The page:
Examining influences on active travel by sex among college students

Dangaia Sims, Melissa Bopp, Oliver W.A. Wilson

Research output: Contribution to journalArticlepeer-review

11 Scopus citations


Active travel (AT) is associated with various health benefits and may be advantageous in preventing the decline in physical activity during college years. Differences in factors related to AT by sex are not well understood. Objective: To examine factors related to AT by sex among college students. Participants: Participants included students at a large northeastern United States university (n=782). Methods: Students completed an online survey in September 2012 regarding multiple factors related to AT. Multiple logistic regression analyses were used to assess the association of factors related to AT by sex. Results: Men were more likely to use AT than women. Among men, distance to campus had a significant negative association, and living with a roommate that walked or biked to campus had a significant positive association with AT. Among women, significant negative associations with AT were found for distance to campus and terrain. Conclusions: Findings from the present study suggest that among college students AT was higher among men than women. Targeting women over men for PA and AT interventions in a university setting may be warranted. Identifying populations at risk for physical inactivity may be useful in developing and implementing tailored multi-factor interventions.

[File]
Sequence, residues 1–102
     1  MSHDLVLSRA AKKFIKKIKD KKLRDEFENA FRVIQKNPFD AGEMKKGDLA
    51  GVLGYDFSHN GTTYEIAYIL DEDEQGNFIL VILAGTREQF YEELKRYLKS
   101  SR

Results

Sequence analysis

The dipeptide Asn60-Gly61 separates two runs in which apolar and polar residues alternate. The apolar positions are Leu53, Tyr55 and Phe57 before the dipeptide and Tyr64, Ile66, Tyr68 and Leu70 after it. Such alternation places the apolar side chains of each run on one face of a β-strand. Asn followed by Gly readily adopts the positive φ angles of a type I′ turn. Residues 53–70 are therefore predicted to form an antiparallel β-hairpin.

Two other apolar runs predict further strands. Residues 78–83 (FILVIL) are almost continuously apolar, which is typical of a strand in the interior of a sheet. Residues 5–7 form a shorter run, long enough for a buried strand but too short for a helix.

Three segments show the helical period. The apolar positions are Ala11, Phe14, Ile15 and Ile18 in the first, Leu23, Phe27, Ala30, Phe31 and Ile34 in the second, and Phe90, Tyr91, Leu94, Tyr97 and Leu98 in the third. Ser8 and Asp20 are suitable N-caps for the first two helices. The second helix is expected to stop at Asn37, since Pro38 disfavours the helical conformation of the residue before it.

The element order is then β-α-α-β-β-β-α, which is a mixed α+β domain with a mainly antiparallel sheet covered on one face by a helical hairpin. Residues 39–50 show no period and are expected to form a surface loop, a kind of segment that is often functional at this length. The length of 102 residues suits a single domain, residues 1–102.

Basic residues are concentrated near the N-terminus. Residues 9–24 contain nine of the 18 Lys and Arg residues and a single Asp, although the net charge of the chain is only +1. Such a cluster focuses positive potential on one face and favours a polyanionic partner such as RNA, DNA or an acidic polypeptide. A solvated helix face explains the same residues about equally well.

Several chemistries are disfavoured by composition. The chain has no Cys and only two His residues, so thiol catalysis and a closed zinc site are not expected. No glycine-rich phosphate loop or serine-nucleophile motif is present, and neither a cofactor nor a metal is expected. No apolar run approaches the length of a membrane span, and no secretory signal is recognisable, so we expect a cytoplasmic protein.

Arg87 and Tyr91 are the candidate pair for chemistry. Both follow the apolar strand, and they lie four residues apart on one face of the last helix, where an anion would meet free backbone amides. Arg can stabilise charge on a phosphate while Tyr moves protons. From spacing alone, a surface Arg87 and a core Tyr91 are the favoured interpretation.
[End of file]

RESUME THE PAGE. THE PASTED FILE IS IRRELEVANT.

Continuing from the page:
Original languageEnglish (US)
Pages (from-to)73-82
Number of pages10
JournalJournal of Transport and Health
StatePublished - Jun 2018

All Science Journal Classification (ASJC) codes

  • Safety, Risk, Reliability and Quality
  • Transportation
  • Pollution
  • Safety Research
  • Health Policy
  • Public Health, Environmental and Occupational Health


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